Ashton Roxander taking a bow.
Mayara Pineiro as Swanilda. Photo:

Angel Corella’s Coppelia

Philadelphia Ballet

Written by:
Lewis Whittington
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The Academy of Music in Philadelphia was near full on opening night of the Philadelphia Ballet’s production of “Coppelia,” with its dynamic score by Leo Delibes, choreographed in 1870 by Arthur Saint-Leon, based on the story by E.T.A. Hoffmann’s. It is a 150 year-old warhorse that can look like a dusty storybook pageant if it isn’t tweaked. It requires a strong cast that can handle its virtuosic balletics laced with character dance and physical comedy. And that is certainly the case in this sharp adaptation by PB’s artistic director Angel Corella.


Principal dancer Mayara Pineiro brings everything in her role as the mischievous Swanilda, with prima ballerina virtuosity that can switch from a pirouette to campy physical comedy this side of Lucille Ball. Her comic foil Franz is danced by Ashton Roxander, who has his own comic talent in addition to lyrical aerial skills.


The corps de ballet and soloists also have a lot to work with feature divertissements which are spread out over the ballet’s three acts, cued by Delibes’ score, also full of dance delights. The score has some famous passages, but conductor Beatrice Jona Affron and the PB Orchestra detail the symphonic colors and rich dance themes that flow throughout this underappreciated classic.
In the opening scenes, Swanilda schemes to win the attention of Franz, who is apparently smitten by beauty sitting in the balcony of Dr. Coppelius’ workshop. Franz clowns around with Swanilda with some catch-me-if-you-can swagger, with interludes of Delibes’ straightforward courtly dance music cueing the czardas and mazurkas (led by the Sydney Dolan), which can often look rote. Corella made sure the ensemble danced with both precision and flair.


Swanilda enlists her friends to go along with her schemes. Meanwhile the suitor has fallen in love with the doll, who is robotically animated. Coppelius  gets Franz drunk, consults his giant medical book to bring his Coppelia doll to life, as he consults his oversized book of spells.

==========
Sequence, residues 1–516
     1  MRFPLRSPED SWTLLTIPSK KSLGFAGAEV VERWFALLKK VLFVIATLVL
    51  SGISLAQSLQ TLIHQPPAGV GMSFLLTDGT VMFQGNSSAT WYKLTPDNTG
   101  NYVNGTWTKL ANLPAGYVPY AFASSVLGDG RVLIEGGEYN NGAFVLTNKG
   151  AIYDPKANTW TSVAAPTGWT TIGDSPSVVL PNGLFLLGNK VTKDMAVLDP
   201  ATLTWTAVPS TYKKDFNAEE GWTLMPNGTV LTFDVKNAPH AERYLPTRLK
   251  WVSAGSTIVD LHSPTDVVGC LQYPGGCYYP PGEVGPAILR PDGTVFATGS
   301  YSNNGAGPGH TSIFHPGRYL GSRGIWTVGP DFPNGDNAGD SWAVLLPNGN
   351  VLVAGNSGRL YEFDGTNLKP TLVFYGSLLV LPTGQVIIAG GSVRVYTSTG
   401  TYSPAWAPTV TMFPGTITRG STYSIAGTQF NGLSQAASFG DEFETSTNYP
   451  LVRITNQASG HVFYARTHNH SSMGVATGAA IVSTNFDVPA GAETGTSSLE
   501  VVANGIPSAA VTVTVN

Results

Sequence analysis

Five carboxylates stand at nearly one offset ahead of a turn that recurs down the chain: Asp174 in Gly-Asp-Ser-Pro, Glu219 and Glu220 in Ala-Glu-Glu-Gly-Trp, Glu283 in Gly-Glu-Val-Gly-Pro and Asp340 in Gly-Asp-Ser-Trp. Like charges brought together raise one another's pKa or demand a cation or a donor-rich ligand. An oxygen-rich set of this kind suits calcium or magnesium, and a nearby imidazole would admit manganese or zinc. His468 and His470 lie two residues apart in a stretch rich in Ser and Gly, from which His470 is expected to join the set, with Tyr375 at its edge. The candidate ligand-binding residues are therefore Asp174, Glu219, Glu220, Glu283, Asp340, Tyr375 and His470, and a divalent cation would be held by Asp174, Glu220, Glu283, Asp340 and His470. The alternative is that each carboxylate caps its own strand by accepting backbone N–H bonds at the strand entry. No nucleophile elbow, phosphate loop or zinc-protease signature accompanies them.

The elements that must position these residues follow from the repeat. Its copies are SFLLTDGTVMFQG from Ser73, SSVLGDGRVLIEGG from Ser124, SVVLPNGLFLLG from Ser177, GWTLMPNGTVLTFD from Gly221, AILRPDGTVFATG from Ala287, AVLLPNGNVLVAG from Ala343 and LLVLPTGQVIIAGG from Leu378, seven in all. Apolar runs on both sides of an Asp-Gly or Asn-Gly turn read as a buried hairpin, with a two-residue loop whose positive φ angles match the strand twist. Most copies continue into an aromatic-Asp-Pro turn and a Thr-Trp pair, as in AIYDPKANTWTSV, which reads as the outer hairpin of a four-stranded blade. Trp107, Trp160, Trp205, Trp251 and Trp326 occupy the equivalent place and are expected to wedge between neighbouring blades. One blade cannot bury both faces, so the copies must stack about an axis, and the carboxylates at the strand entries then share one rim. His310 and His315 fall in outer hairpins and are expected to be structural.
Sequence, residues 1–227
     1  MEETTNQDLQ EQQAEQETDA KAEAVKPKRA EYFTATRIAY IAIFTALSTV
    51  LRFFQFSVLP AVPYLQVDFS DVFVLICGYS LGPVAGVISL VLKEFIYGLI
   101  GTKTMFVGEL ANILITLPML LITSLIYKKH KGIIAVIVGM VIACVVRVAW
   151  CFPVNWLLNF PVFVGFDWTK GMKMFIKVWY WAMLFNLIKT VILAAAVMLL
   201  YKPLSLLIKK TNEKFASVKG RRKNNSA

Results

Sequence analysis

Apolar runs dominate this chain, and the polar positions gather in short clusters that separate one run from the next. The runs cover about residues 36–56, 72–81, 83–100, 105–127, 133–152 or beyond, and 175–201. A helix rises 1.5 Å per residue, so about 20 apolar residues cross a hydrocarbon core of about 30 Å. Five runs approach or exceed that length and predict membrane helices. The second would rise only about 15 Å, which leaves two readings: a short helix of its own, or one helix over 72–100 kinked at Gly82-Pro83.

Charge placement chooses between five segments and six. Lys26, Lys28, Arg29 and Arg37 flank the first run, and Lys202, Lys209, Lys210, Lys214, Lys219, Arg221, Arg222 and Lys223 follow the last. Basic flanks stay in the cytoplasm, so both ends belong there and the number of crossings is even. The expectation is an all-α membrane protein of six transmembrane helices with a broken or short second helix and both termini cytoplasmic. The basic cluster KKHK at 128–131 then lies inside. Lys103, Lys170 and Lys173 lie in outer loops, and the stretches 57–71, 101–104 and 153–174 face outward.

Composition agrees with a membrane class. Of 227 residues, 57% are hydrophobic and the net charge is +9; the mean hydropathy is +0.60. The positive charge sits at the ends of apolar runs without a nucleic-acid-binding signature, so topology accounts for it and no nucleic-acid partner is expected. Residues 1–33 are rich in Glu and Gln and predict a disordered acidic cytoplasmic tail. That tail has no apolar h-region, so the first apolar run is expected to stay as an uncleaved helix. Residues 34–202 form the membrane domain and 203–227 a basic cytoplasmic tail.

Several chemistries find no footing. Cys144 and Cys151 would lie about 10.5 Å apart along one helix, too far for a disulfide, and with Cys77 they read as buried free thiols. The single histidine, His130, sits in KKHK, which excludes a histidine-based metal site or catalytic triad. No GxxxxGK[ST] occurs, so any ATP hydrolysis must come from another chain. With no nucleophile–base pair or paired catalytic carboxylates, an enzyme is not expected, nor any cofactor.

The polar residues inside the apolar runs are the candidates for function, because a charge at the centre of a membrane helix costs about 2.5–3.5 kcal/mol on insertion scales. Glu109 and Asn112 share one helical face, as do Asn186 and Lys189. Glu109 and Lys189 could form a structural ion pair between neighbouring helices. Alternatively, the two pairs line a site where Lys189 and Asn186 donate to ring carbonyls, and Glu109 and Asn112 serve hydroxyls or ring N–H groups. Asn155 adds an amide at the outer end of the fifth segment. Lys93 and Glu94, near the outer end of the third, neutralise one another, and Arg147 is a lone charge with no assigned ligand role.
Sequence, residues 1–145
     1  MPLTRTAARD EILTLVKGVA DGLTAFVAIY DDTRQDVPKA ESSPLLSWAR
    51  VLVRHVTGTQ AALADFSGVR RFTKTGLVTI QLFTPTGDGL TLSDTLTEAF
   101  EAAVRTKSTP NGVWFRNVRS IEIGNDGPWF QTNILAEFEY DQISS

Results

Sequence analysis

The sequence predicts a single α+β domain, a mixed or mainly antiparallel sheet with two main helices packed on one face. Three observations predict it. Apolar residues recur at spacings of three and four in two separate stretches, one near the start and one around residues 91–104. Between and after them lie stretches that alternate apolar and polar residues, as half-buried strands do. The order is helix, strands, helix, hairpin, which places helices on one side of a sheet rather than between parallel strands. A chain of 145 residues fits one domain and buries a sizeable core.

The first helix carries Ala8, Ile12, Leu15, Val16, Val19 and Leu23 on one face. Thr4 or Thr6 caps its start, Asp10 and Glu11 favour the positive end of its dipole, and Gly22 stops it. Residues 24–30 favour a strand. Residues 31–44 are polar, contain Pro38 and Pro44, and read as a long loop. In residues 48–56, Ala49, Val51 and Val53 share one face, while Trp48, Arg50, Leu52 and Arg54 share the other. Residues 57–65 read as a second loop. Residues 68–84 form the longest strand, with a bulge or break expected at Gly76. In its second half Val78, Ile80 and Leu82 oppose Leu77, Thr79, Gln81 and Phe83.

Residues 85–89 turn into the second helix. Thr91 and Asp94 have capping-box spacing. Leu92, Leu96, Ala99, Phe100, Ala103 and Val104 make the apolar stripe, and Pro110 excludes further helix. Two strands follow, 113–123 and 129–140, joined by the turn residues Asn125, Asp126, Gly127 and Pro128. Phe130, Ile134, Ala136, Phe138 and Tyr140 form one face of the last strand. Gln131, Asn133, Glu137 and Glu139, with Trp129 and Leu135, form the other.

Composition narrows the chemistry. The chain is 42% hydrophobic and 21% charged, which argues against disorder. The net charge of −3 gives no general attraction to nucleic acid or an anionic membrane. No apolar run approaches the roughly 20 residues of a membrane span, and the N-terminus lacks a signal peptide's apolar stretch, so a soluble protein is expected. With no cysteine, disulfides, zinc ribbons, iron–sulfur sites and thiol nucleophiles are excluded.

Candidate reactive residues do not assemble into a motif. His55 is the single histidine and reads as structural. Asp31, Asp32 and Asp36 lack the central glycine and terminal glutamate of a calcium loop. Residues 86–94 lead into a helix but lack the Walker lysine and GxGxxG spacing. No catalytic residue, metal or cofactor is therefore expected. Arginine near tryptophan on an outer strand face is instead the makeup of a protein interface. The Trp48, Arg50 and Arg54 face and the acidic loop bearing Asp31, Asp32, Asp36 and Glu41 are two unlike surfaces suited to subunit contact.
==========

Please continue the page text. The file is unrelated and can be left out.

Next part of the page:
Swanilda has taken the doll’s place on the balcony and plays him for the dance fool, as Dr. Coppelius does consult his magic tome of spells that he thinks changes his mechanical doll into a woman. Pineiro’s transformation from a robotic doll dance into a prima ballet is hilarious and mesmerizing, as she sinks into a spiderly plie on pointe, and twists with her legs inward.
Eddy Tovar, Director of Philadelphia Ballet II, plays Dr. Coppelius, a plum character role requiring deft pantomime laced peppered with physical comedy, and Tovar makes the most of it with bumbling, curmudgeonly charm with Swanilda or fencing with his cane when with Franz’s friends try to punk him.


‘Coppelia’ is a treasure trove of virtuosic ballet variations. The fact that the bravura elements are played off of character comedy makes it all the more enchanting. All of the doll parts in Act II are captured with a wily creepiness, framed by the gothic eaves of the workshop. There are both comic and eerie moments by Charlie Clinton and Federico D’Ortente as the mechanical dolls sprung to life.


Dayesi Torriente’s spirited solo as Dawn opens the last act, followed by the quiet deportment of Oksana Maslova at once steely and ethereal, in her adagio solo. An ensemble of eight corps de ballet members appear in the ‘Waltz of the Hours’ finale as Pineiro and Roxander cap everything off in their central pas de deux, set to Delibes’ viola passage and beautifully performed by Ballet Orchestra’s principal violist Hannah Nicholas.


Roxander’s sustains breezy command in his scissoring jumps, double tours, flinty jetes and grande pirouettes garnering lusty applause. Pineiro’s pointe work is diamond hard, witty, and lyrical. They have palpable chemistry in their central wedding duet.


Angel Corella came onstage as the cast was taking their final bows to announce that Ashton Roxander was promoted to the rank of Principal Dancer. Ashton looking genuinely surprised by this, and wiped away a few tears to step forward to receive thunderous reception from this audience.

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